Introduction:

In this post, We will see how to develop a simple chrome extension which can download all images from google pages. This extension is desired to download images from google images page until the user scrolls. This particularly helps when one wants to collect data to use in deep learning models. The entire code can be referenced at github.

My entire goal behind doing this project was to start learning javascript, so what a better way than to build a chrome extension which completely runs on javascript.

I estimated an effort of not more than 10 hours on it. But since I am new to javascript, it took me around 15 hours to complete the work.

Glossary:

  1. Manifest file: A file which tells the browser all the information about the extension.
  2. Background file: A file which runs into the background of the browser. It can be an event page which runs only on specific pages in the browser or a background page which runs every time browser runs.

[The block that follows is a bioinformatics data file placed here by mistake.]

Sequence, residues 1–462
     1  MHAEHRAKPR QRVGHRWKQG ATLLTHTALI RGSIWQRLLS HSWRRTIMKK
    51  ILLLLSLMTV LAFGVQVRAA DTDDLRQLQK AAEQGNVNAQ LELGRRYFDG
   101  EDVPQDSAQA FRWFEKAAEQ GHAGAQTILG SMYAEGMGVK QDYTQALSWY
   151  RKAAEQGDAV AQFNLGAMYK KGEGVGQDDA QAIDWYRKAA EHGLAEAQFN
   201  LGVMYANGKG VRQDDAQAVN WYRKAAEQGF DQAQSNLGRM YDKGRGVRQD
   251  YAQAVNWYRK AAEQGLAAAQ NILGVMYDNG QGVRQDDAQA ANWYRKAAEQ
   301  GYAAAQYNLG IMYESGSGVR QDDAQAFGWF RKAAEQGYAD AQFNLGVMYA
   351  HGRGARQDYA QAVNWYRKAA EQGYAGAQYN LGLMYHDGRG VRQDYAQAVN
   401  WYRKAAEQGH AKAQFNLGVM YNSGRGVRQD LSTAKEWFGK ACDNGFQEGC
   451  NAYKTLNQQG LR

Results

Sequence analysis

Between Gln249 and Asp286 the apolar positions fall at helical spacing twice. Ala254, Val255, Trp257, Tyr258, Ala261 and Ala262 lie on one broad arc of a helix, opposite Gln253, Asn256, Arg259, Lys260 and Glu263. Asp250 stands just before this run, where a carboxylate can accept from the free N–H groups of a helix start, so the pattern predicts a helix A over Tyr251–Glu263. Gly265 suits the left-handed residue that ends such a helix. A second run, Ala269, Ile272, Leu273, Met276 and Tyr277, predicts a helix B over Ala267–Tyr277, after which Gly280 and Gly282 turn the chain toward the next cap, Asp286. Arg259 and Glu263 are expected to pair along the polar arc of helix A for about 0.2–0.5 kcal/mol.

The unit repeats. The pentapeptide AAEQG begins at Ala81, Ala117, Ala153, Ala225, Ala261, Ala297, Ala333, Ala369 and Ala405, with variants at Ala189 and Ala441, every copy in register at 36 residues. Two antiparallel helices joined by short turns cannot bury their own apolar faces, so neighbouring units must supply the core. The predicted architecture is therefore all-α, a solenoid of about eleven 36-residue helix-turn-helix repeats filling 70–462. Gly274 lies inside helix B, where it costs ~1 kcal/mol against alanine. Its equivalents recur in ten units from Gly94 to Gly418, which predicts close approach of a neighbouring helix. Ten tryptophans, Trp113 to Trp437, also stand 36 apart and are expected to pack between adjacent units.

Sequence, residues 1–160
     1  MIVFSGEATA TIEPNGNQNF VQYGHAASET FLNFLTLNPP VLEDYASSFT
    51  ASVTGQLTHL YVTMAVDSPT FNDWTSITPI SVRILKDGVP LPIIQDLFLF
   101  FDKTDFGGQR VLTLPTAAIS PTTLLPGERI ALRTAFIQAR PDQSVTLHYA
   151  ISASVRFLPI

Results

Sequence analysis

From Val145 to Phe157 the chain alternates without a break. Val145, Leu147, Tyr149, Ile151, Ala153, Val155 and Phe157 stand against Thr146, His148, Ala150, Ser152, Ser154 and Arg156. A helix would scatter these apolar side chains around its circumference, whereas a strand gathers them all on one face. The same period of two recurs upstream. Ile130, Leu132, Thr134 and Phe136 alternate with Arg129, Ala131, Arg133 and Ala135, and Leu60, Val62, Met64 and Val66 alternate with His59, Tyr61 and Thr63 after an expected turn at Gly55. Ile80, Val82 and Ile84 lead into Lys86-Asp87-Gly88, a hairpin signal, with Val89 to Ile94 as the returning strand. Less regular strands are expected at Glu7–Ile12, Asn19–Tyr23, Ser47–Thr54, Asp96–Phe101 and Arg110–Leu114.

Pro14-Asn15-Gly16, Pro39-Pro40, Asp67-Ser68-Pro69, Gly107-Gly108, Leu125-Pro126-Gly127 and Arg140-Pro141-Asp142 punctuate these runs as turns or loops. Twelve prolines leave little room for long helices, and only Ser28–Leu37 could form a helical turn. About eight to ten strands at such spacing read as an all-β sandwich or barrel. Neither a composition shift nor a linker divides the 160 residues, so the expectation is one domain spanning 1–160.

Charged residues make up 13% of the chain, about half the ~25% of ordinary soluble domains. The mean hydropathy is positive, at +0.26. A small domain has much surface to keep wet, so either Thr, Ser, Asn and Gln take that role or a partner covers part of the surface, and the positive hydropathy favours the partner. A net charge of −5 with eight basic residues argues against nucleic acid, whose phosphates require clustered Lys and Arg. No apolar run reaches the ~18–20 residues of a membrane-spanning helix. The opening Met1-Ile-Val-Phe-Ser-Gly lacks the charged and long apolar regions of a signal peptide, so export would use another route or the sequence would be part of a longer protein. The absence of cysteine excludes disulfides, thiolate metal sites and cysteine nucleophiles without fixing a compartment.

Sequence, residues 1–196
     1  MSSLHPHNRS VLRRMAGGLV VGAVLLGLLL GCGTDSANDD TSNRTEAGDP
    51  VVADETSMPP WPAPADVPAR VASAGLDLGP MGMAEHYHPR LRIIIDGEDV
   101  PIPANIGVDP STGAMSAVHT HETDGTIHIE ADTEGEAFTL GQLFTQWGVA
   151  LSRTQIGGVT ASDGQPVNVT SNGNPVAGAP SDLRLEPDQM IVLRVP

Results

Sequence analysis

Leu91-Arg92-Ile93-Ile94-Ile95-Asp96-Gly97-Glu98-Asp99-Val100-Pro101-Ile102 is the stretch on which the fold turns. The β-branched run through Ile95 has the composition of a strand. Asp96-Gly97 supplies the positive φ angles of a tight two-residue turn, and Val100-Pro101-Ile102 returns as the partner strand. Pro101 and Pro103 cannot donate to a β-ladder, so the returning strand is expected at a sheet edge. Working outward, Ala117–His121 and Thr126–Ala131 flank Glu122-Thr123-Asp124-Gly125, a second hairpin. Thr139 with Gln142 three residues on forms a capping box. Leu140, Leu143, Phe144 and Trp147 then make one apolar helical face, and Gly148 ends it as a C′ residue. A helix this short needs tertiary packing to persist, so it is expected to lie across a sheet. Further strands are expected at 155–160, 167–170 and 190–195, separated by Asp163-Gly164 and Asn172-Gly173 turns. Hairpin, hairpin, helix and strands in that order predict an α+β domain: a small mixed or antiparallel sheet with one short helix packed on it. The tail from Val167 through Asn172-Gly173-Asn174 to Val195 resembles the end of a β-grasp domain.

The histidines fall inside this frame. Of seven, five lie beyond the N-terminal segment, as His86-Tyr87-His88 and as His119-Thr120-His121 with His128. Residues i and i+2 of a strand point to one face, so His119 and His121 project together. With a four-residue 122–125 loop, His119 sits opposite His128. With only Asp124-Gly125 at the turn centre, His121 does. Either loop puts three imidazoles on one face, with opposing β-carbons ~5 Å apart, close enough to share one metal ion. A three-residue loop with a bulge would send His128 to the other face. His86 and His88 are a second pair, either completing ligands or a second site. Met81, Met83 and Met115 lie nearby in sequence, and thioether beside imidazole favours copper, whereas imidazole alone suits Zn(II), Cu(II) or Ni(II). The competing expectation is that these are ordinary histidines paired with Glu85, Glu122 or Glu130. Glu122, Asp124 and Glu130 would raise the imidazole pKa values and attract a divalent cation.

3. PageAction: A chrome extension can be a Page Action or a Browser Action extension. A browser action extension is one which runs on all pages. A Page Action extension is the one which runs on specific pages defined in the background file.

Javascript Methods:
1. AddEventListener()
2. Event SendMessage()
3. Event OnMessage()
4. Button.onclick

Steps to Develop the extension

1. Create Manifest file

To develop the extension to download images, We first need a manifest file. The first step is to create a file called manifest.json which contains details about the extension. This file when loaded into chrome tells the browser details about the extension. The following is a simple example of manifest.json:

{
    "name": "Google Image Downloader",
    "version": "1.0",
    "manifest_version": 2,

    "description": "This extension helps you to download all the images from a google page in a click."
}